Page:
Updated: Nov 9, 2021
Texas Jack: America’s First Cowboy Star, by Matthew Kerns, TwoDot, Guilford, Conn., and Helena, Mont., 2021, $26.95
Long overshadowed by the inimitable William “Buffalo Bill” Cody, John B. “Texas Jack” Omohundro gets his due in this biography of a man who was Cody’s buddy and like Cody was a frontier scout, actor, showman, celebrity and a hero in some of Ned Buntline’s dime novels. Texas Jack was also something Buffalo Bill never was—a genuine cowboy. That, as the title indicates, is the theme for author Matthew Kerns, who manages the Texas Jack Facebook page and has written many articles about Omohundro for The Texas Jack Scout, the triannual publication of the Texas Jack Association. One big difference between the two friends—and this accounts in part for why one is far better known today than the other—is how long they were in the public eye. Cody died at age 70 in 1917; Omohundro was just 33 on June 28, 1880, when he died in Leadville, Colo., probably of consumption (tuberculosis), although pneumonia has most often been listed as the primary cause of his death.
Omohundro packed a lot of living into his short time on Earth. Born in Virginia’s Fluvanna County on July 26, 1846, he served the Confederacy as a courier and scout before heading to Texas, where he first worked as a ranch cook before proving his cowboy skills to trail bosses. Fellow drovers nicknamed the likable cowboy “Happy Jack.” It was up in Ellis County, Kan., that Wild Bill Hickok told Omohundro about the money he could make hunting and scouting out of frontier forts and steered him to his friend Bill Cody. In the fall of 1869 Texas Jack caught up to future pal and business partner Buffalo Bill in North Plate, Neb. Up north, Kerns writes, Omohundro hunted with Cody, taught school and was in demand as an adviser to ranchers about cattle and cattle rustlers due to “his expertise as the best cowboy in the region.” Then along came Ned Buntline. “Texas Jack was a voracious reader and knew of Buntline’s stories of pirates and murderers and heroes,” writes Kerns, who adds it was Omohundro who pointed out the long-haired Cody to Buntline. In time Buntline would include both Buffalo Bill and Texas Jack in his dime novels and stage dramas (starting with The Scouts of the Prairie in December 1872).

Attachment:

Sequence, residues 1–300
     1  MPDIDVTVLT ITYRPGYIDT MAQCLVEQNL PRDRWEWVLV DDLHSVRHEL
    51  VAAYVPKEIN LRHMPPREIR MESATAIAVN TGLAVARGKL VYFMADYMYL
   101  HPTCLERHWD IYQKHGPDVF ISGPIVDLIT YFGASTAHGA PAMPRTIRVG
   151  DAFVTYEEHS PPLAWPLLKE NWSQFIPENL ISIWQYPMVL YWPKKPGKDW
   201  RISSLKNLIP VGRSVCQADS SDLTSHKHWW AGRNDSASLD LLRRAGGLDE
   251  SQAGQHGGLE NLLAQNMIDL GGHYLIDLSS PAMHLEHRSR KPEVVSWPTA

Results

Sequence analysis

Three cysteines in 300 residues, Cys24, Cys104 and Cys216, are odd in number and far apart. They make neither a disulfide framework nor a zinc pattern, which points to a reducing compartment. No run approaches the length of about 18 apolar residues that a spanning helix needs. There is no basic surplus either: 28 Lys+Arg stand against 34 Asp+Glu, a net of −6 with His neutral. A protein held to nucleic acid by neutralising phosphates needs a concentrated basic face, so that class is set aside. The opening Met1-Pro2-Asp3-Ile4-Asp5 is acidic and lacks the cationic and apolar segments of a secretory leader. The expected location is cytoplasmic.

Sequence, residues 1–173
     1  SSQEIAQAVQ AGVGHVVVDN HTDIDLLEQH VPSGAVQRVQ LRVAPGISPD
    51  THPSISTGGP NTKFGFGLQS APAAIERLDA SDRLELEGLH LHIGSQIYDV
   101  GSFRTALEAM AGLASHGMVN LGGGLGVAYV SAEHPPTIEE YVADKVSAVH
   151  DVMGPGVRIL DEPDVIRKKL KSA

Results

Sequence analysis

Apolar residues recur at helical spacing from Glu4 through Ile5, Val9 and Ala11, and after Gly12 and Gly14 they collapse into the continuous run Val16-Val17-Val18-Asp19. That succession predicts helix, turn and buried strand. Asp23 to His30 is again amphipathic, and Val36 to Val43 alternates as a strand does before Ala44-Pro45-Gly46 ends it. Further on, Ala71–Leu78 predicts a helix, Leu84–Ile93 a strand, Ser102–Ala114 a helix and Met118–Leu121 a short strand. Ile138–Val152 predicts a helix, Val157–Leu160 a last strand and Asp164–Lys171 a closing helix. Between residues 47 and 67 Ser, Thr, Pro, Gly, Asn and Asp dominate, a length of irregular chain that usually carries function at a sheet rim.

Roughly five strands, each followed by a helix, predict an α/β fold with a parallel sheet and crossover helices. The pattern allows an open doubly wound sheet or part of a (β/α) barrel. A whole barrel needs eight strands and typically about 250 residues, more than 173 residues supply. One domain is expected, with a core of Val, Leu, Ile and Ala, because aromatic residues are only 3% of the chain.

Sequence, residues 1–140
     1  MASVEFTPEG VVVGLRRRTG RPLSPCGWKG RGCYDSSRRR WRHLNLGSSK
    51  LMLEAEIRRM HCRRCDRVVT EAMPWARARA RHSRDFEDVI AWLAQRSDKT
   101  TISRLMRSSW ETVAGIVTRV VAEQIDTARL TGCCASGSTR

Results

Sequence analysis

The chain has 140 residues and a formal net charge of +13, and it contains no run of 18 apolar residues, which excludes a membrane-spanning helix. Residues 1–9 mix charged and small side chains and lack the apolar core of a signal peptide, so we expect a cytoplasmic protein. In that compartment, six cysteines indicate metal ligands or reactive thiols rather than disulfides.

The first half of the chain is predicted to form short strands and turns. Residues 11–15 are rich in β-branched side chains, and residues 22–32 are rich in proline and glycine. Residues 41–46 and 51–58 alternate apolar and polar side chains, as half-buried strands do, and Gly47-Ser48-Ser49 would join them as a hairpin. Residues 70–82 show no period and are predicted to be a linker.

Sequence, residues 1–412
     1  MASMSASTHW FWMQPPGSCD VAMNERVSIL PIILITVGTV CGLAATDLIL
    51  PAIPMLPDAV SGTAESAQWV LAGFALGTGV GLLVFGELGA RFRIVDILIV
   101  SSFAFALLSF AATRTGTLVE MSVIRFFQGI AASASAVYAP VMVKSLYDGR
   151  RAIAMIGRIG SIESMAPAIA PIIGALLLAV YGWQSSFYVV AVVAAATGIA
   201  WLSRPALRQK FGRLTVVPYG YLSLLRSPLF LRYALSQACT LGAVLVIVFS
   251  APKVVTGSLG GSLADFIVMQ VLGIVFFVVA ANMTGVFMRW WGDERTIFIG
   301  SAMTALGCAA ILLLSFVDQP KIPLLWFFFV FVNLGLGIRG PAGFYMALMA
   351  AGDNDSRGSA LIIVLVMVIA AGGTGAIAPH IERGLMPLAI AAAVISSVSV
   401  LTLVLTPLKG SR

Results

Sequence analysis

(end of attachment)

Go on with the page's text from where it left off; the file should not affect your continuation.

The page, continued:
While appearing with Cody, Texas Jack met Italian dancer Giuseppina Morlacchi, whom Buntline hired to play the female lead as the “Indian” Dove Eye. Cody and Omohundro pleased audiences by playing themselves, but including the beauty known as the “Peerless Morlacchi” guaranteed ticket sales. She and Jack fell in love. After having appeared repeatedly with Cody, Omohundro began to tour in 1877 without his old friend and partner, starring in such border dramas as Texas Jack in the Black Hills. Costarring in many of his shows was Giuseppina, who married Jack on Aug. 31, 1873, at St. Mary’s Catholic Church in Rochester, N.Y. By the time Buffalo Bill started his famous Wild West extravaganza a decade later, Texas Jack had been dead for three years. Cody went on to achieve his greatest fame offstage while taking his Wild West on tour in the United States and Europe.
While John B. Omohundro is all but forgotten today, Kerns contends that he lives on “in every tourist who tries on a Stetson, every child playing cowboys and Indian,” as well as in every Western book, film and TV show. Clearly the author believes that Texas Jack, “perhaps the only person in Bill Cody’s life who qualified fully as a partner,” epitomizes the 19th-century cowboy. Whether you agree with him or not, the Omohundro story is one worth remembering, and Kerns tells it well.